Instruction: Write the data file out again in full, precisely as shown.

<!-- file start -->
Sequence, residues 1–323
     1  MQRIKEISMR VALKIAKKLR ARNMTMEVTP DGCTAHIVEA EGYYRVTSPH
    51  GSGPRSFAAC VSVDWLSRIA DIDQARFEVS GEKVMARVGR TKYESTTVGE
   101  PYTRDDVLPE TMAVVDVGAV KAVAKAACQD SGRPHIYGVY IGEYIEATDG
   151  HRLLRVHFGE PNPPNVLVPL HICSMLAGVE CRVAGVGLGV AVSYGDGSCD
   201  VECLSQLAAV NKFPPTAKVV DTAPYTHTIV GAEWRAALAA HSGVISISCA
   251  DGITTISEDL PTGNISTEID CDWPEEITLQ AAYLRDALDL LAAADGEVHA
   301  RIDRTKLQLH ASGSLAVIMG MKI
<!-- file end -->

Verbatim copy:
Sequence, residues 1–323
     1  MQRIKEISMR VALKIAKKLR ARNMTMEVTP DGCTAHIVEA EGYYRVTSPH
    51  GSGPRSFAAC VSVDWLSRIA DIDQARFEVS GEKVMARVGR TKYESTTVGE
   101  PYTRDDVLPE TMAVVDVGAV KAVAKAACQD SGRPHIYGVY IGEYIEATDG
   151  HRLLRVHFGE PNPPNVLVPL HICSMLAGVE CRVAGVGLGV AVSYGDGSCD
   201  VECLSQLAAV NKFPPTAKVV DTAPYTHTIV GAEWRAALAA HSGVISISCA
   251  DGITTISEDL PTGNISTEID CDWPEEITLQ AAYLRDALDL LAAADGEVHA
   301  RIDRTKLQLH ASGSLAVIMG MKI